he popularly known as Nana Saheb I, served as  the 8th Peshwa of the  Maratha confederacy  from 1740  to,Balaji Baji Rao I . He  succeeded his father as the Peshwa at the age of nineteen.In 1752 CE,  the Peshwa concluded a treaty with the Mughal Emperor.The boundaries of the Maratha Empire expanded under his rule to  include areas such as Peshawar, Srirangapatna and Medinipur.He undertook significant infrastructure projects, including the construction of canals, bridges, temples, and lodges throughout the empire.

               Balaji Baji Rao subdued major powers such as the Mughals, the Nizam and the Bengal Sultanate  during his reign.He also  weakened Afghan control over Punjab, protected Delhi from repeated invasions, subdued Rajputs and Rohillas,  and neutralized the state of Oudh.The Marathas fought bravely in the Third Battle of Panipat when Ahmad Shah Abdali invaded India. However,  the Marathas were defeated  and many Maratha leaders and thousands of soldiers died in the battle. Balaji Baji Rao also died after  hearing the tragic end of the war.

Madhav Rao (1761 – 1772 CE):

             He was a great Peshwa who regained the lost territories of the Maratha,During his reign, semi-independent states such as Holkars, Scindias, and Gaekwads (Khekwars) were created.It is referred to as the “Maratha revival” due to the resurgence of the Maratha confederacy during  the reign of Madhavrao.He defeated the Nizam, paid homage to Hyder Ali (Mysore),  and  reasserted control of northern India by defeating the Rohillas and subjugating the  Rajput states and Jat chiefs.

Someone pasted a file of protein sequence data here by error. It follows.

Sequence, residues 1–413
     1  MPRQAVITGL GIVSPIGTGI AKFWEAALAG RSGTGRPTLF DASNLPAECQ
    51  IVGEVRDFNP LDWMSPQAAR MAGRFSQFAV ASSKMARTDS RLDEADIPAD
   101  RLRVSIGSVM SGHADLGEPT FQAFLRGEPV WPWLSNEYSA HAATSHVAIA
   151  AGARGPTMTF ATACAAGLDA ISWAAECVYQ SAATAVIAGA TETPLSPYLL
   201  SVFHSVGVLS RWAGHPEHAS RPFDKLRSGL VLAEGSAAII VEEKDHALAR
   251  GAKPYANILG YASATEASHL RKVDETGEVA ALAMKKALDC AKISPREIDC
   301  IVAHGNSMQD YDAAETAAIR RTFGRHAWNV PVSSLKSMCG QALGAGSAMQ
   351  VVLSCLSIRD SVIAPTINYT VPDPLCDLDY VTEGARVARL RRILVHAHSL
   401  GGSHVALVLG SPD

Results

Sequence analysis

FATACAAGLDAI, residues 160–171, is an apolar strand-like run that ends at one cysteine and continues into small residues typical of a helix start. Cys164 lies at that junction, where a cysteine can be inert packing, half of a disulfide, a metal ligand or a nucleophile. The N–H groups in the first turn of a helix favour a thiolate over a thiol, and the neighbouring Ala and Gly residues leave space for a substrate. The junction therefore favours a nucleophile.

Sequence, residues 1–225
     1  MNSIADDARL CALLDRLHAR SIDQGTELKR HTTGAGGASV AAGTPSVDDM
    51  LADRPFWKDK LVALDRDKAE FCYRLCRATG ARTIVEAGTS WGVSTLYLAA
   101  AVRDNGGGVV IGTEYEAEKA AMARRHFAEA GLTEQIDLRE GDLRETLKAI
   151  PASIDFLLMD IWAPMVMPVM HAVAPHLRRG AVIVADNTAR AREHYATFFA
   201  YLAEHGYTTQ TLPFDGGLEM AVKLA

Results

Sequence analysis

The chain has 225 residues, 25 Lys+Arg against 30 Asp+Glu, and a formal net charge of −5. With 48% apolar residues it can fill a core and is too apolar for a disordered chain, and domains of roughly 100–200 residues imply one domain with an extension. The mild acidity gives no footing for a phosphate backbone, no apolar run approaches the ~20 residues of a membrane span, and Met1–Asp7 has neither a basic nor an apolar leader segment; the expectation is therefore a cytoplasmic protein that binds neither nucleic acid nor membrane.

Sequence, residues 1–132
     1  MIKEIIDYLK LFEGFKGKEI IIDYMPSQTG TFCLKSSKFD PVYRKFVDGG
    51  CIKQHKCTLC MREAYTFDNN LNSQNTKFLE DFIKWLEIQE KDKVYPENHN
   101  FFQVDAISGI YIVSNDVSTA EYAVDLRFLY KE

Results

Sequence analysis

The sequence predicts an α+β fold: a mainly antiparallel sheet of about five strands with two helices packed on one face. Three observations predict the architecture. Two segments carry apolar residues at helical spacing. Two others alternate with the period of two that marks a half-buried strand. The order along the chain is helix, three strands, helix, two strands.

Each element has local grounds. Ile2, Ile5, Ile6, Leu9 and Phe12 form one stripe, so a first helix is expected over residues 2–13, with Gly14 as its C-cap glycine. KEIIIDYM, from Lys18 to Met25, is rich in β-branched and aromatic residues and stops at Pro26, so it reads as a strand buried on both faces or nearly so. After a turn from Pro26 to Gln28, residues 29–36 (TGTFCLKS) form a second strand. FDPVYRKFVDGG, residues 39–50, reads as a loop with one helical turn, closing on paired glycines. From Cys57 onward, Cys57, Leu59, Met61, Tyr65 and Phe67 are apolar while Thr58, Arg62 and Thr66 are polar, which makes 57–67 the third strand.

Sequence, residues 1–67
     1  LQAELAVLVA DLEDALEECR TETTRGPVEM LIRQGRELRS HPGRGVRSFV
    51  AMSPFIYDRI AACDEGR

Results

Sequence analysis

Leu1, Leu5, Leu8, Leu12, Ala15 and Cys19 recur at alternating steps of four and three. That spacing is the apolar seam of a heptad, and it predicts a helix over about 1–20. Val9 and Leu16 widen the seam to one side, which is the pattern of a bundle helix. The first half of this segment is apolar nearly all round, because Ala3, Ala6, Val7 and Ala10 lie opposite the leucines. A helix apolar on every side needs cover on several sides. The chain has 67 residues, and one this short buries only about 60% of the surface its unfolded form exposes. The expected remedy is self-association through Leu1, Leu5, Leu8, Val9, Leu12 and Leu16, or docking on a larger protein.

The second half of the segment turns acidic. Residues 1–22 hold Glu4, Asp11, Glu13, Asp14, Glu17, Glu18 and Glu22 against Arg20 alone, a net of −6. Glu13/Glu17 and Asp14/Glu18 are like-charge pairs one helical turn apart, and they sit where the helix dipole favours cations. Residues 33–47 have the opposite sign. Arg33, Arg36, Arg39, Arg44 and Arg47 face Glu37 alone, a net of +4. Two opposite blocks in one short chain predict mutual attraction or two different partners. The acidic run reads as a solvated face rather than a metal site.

Narayan Rao (1772 – 1773 CE):

   he born on August 10, 1755, served as the 10th Peshwa of the Maratha Confederacy  .He assumed office in  November 1772 and he was murdered on the orders of 1773 CE Raghunath Rao.Narayan Rao’s reign as the Peshwa was short-lived, marked by internal strife and political intrigues.

Raghunath Rao (c. 1773 – 1774 CE):

      Narayan Rao, born on August 10, 1755, served as the 10th Peshwa of the Maratha Confederacy  .1772 – 1773 CE was a  struggle for power between Raghunath Rao  and Narayan Rao.He usurped the throne, but was overthrown by the emperor.

Madhavrao II (1774 – 1795 CE):

 he also known as Sawai Madhav Rao, was the 12th Peshwa of the Maratha Empire  and was the  son of Narayan Rao, who was just 40 days old when  he was crowned Peshwa  .

   He rose to that position as a child following the assassination of  his father Narayanrao Peshwa  in 1773 on the orders  of Raghunath Rao.Nana Phadnavis, an able administrator and warrior, administered the empire with the Barbai Council.Raghunath Rao sought British help, which led to the First Anglo-Maratha War (1775 – 1782).

   Nana Fadnavis secured victory for the Marathas in the Battle of Talegaon (1776) and negotiated the Treaty of Purandar (1776) and the Treaty of Salbai ( 1782).  These treaties remained as they stand, but granted salcet to the British and renounced Raghunath Rao’s

Baji Rao II. (1796 – 1818 CE):